Author(s): Schober J, Dulabon L, MartinAlguacil N, Kow LM, Pfaff D
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Abstract PURPOSE: One theory for labial fusion is low prepubertal estrogen levels. Topical estrogens remains the mainstay of therapy. Some patients require surgical lysis of the adhesion. Estrogen's action in regard to collagen may influence recurrent adhesions and adhesions that form after manual disruption or surgical separation. This study assesses the efficacy of topical estrogen to separate the labia, recurrence, and estrogen related side effects. Estrogens may have a role in vaginal healing in genital surgery. MATERIALS AND METHODS: Retrospective chart review of 109 girls from 3 months to 10 years old (mean 44 months) who had labial fusion. Data was collected on the length of topical estrogen treatment, rate of successful separation, rate of recurrence, percentage requiring surgery, and post-operative outcomes. RESULTS: Mean length of topical estrogen treatment was 3.7 months (range 0 to 36 months), with separation in 79\% (85/107) of patients. Forty-one percent (44/107) had recurrence of labial fusion one to five times (range 2 to 72 months). Surgery was required in 21\% (22/107). Ten percent of patients (2/21) had recurrence of labial fusion post-operatively (age 6,10 years, at 1, 18 month post-operatively). Neither of these two patients was responsive to topical estrogen cream post-operatively and required a second surgical separation. Side effects of estrogen were minimal breast development in 6 children and vaginal bleeding in one child. Discontinuance resulted in resolution of side effects. CONCLUSION: Topical estrogens were effective treatment for labial fusion. After surgical separation of adhesions there was a 10\% recurrence rate. Estrogen therapy initiated after surgical failure was unsuccessful.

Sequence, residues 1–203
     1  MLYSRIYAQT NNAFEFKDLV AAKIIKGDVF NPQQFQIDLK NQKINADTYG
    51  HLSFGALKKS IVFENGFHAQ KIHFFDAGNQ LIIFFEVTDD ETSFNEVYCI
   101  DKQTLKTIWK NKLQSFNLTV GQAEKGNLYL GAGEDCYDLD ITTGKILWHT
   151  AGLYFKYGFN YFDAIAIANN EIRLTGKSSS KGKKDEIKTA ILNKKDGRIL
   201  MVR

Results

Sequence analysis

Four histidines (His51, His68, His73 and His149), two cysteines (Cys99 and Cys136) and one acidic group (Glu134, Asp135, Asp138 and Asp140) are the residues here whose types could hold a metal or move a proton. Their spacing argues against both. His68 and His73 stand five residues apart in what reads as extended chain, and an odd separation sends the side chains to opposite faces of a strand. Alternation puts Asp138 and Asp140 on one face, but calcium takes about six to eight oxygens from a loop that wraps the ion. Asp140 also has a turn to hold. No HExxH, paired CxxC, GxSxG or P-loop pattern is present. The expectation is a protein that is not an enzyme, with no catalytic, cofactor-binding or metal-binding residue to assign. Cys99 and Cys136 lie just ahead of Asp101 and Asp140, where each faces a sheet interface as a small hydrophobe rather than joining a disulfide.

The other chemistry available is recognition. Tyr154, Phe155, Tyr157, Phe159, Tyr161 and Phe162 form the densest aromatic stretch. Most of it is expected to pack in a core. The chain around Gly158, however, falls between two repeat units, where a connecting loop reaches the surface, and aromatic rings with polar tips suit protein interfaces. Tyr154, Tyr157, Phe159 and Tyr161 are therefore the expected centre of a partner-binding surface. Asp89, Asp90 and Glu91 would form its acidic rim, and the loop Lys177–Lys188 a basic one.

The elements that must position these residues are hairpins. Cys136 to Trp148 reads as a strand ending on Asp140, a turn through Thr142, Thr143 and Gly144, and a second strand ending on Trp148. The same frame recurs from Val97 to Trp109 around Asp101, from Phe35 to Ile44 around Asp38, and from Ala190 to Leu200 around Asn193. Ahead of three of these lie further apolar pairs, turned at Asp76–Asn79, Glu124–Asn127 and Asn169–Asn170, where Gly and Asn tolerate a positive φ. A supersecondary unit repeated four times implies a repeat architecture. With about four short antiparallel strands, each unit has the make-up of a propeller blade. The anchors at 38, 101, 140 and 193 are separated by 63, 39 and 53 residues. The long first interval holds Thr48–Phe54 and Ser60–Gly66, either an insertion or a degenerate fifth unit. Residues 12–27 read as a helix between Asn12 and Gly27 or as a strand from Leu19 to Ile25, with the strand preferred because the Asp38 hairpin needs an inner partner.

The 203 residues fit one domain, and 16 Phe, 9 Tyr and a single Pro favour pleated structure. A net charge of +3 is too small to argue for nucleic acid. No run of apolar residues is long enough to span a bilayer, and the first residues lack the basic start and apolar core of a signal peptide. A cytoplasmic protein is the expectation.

This article was published in J Pediatr Adolesc Gynecol
and referenced in Primary Healthcare: Open Access